Is cross-stitch occurring in the classroom?

Yes, the students are deeply interested. They ask for demos and I use it in my lectures. Students over the past decade are really interested in making things. In the textile MFA at Parsons there’s emphasis in craft but in connection with technology. From what I can see it doesn’t seem that students treat technology and craft as opposites; they often go hand in hand in really beautiful ways. It’s important that students are adept with the latest technology but also find their voice through craft.

How does technology figure in your work?

I use Photoshop to manipulate the image for cross stitching to get the colors, composition how I want. A digital tool converts the image into a cross stitch pattern. I love the traditional way of doing things but am greatly reliant on technology as well.

Is there an intersection between cross stitching and your commitment to sustainability?

Yes, in the value of making and interest about materials. However I would love to know where the cotton comes from and unless I buy organic thread I don’t. I have written to my thread supplier, DMC, but they don’t respond. I appreciate their high quality but there’s no information on origin of fiber or dyeing processes, and organic options using low impact dyes have limited colors. In the global fashion system, hand embroidery threads mightn’t be the most urgent issue, but nonetheless I think we need to get to everything. So if the thread companies ever want to talk, I’m right here.

Is there any recycling or upcycling opportunities in your work?

I often work with reclaimed materials. In thrift stores if you know where to look you can find boxes of old threads. And then when my grandmother passed away I got all her materials, some of those threads are fifty years old.

Do you think there is space for these quiet practices in our attention span-challenged social media culture?

I think so. If you search for #craftivism, which is the cross between craft and activism, there are many people, particularly women, using embroidery to express things; there’s a history of this: from the seminal book, “Subversive Stitch”, to a jacket that exists from the late 1800s from a women who was in a mental hospital and embroidered her life story on it––I consider that a form of activism because it’s claiming a voice in a situation where you’re silenced. Social media is a great platform to connect with other voices and facilitate building networks. I have people connecting with my work from all over the world and I like that part of it, although this morning’s breaking news that Facebook used the fashion industry to influence the 2016 elections is scary. I’ve been on Instagram for about seven years––I didn’t post anything for the first three–– but there’s something about the simplicity of it in comparison to Facebook.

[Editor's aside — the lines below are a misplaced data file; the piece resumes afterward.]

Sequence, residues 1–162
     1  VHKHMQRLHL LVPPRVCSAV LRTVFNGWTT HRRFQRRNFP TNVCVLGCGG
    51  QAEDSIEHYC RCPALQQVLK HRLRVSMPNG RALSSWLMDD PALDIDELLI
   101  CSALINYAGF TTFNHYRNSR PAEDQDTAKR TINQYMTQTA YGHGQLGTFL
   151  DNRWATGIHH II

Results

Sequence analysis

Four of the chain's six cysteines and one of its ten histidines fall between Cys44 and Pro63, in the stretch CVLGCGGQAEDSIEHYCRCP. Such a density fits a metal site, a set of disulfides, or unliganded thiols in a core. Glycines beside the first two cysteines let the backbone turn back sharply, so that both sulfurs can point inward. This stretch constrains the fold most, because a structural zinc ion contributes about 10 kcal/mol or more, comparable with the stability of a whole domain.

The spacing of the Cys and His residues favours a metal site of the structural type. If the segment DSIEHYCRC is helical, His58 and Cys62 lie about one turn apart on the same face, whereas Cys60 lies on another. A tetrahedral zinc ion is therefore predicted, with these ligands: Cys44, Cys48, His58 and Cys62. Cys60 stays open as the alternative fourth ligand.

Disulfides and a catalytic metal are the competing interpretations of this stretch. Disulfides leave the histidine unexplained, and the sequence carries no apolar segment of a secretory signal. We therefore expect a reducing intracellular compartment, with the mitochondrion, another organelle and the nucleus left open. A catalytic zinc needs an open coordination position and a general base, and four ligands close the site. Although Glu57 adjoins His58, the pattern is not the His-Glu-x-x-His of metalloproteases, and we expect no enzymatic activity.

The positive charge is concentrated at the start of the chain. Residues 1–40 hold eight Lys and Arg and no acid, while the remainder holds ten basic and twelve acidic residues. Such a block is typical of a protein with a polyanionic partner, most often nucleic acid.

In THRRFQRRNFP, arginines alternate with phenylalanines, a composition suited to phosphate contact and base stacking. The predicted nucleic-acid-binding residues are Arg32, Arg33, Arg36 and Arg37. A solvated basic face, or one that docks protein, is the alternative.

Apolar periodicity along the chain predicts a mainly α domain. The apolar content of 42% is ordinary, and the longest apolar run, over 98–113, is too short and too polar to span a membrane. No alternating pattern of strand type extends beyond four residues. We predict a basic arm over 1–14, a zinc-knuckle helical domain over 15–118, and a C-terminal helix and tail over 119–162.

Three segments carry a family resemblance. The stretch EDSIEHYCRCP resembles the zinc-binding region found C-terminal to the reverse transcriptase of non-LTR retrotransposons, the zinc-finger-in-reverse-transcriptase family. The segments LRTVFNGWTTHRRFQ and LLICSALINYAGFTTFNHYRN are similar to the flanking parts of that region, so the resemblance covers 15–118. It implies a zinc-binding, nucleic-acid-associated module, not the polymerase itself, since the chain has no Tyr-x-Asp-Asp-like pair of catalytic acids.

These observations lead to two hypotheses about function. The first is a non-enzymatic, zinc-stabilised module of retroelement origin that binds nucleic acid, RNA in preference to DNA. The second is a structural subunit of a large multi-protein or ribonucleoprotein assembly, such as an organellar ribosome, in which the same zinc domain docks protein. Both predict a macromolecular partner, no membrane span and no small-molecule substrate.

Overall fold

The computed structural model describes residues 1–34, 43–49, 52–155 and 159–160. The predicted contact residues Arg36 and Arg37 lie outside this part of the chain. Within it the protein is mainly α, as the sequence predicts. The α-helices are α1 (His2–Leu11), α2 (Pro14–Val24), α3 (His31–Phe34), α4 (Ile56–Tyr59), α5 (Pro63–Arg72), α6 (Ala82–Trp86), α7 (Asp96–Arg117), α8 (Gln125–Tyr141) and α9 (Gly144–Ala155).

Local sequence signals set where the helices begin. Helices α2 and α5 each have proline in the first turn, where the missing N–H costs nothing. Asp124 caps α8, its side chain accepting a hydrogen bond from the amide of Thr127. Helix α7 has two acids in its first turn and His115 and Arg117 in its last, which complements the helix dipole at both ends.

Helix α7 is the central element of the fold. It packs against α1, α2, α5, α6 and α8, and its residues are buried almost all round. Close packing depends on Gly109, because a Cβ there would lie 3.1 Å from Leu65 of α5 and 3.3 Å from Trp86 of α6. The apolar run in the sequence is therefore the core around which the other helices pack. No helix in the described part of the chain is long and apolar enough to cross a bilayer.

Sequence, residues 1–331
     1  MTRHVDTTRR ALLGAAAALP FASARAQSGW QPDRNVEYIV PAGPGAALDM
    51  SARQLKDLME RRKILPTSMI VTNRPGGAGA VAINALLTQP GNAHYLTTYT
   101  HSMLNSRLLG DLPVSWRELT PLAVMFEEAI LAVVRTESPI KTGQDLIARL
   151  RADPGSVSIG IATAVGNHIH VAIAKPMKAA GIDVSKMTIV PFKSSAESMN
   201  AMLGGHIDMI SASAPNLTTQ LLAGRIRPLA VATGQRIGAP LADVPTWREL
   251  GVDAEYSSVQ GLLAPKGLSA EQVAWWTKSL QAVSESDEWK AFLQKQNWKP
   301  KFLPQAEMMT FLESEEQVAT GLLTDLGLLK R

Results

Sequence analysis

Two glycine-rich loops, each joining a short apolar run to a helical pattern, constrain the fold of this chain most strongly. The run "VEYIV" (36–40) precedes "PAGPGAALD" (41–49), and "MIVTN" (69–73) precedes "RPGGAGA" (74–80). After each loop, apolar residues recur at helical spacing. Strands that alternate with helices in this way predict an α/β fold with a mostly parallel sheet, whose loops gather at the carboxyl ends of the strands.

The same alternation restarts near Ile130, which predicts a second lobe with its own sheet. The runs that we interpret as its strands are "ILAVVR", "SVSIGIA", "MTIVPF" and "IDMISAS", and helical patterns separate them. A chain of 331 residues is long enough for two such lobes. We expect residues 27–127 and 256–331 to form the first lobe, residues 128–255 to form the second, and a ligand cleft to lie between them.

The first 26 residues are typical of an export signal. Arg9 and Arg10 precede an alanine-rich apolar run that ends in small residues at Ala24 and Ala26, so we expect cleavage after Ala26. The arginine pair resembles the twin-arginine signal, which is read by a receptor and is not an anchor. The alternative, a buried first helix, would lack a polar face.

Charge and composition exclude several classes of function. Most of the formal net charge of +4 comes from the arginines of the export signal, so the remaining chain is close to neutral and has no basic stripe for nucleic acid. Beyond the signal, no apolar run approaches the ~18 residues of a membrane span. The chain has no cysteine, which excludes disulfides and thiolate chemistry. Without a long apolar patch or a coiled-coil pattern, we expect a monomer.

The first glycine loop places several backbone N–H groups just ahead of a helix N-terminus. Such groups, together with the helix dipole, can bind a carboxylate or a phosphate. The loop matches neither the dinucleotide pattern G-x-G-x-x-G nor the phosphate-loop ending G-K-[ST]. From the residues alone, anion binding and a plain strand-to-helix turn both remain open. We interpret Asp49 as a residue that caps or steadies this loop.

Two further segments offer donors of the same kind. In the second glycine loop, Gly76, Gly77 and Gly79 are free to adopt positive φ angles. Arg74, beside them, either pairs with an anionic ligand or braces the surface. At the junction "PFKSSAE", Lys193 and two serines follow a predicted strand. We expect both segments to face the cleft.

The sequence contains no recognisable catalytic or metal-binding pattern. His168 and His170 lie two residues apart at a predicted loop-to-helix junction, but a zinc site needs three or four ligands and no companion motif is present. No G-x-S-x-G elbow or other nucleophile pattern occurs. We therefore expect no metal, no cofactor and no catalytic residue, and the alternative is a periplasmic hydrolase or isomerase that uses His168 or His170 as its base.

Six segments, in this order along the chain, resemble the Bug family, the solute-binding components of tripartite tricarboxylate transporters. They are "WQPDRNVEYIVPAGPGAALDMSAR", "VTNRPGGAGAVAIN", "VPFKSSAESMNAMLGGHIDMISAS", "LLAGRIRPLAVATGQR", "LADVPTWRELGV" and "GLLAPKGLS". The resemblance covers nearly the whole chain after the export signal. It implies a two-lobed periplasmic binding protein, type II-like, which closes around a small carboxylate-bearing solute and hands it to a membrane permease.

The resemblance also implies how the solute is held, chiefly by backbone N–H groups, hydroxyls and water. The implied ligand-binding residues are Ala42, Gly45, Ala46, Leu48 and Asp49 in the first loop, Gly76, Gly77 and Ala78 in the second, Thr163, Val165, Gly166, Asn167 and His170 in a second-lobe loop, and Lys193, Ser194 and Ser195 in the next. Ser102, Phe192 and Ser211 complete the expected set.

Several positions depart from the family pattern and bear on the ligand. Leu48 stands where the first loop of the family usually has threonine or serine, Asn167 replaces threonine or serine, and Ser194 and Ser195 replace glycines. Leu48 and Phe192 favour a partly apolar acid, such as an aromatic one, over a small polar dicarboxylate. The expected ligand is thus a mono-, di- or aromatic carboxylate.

Do you sell as well as exhibit your work?

It is for sale. When I was part of an exhibit in Los Angeles the curator told me my pieces were the most expensive on display. I lowered them to to align with the next most expensive pieces but afterwards learned that many women artists are completely underselling their work. One piece of mine took seventy-five hours, and to me the price was reasonable at an honest hourly rate. Someone buying is a different sort of validation because you know they want to look at it for longer. I’ve been very fortunate in the amount of exhibits which have included my work, six this year, and a piece currently on show at Parsons. I’m racing through some highly sexualized work for a February exhibit in L.A. called Stitch Fetish. There is a global subculture of erotic embroidery with artists, and while there’s something quite homely and timid about embroidery, some of the work is anything but tame. A lot if it is lighthearted but there is the serious side of women's rights, equal rights for sexual minorities. It’s a privilege to uplift and give a voice to things that need to be voiced.

Fashion editor Jackie Mallon is also an educator and author of Silk for the Feed Dogs, a novel set in the international fashion industry.

Photos TimoRissanen.com

Timo Rissanen